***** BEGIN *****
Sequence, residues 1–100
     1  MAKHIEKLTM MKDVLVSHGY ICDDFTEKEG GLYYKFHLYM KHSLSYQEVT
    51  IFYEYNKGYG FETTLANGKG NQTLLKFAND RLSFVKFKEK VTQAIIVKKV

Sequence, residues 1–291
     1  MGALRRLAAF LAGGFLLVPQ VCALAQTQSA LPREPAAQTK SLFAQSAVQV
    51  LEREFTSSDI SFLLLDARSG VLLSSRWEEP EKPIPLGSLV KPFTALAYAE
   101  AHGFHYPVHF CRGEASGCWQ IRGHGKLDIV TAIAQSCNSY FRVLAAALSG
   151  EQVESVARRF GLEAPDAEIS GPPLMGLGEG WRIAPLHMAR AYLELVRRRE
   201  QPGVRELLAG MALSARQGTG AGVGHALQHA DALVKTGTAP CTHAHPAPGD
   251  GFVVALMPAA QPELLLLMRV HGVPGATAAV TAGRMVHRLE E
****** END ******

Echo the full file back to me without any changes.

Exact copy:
Sequence, residues 1–100
     1  MAKHIEKLTM MKDVLVSHGY ICDDFTEKEG GLYYKFHLYM KHSLSYQEVT
    51  IFYEYNKGYG FETTLANGKG NQTLLKFAND RLSFVKFKEK VTQAIIVKKV

Sequence, residues 1–291
     1  MGALRRLAAF LAGGFLLVPQ VCALAQTQSA LPREPAAQTK SLFAQSAVQV
    51  LEREFTSSDI SFLLLDARSG VLLSSRWEEP EKPIPLGSLV KPFTALAYAE
   101  AHGFHYPVHF CRGEASGCWQ IRGHGKLDIV TAIAQSCNSY FRVLAAALSG
   151  EQVESVARRF GLEAPDAEIS GPPLMGLGEG WRIAPLHMAR AYLELVRRRE
   201  QPGVRELLAG MALSARQGTG AGVGHALQHA DALVKTGTAP CTHAHPAPGD
   251  GFVVALMPAA QPELLLLMRV HGVPGATAAV TAGRMVHRLE E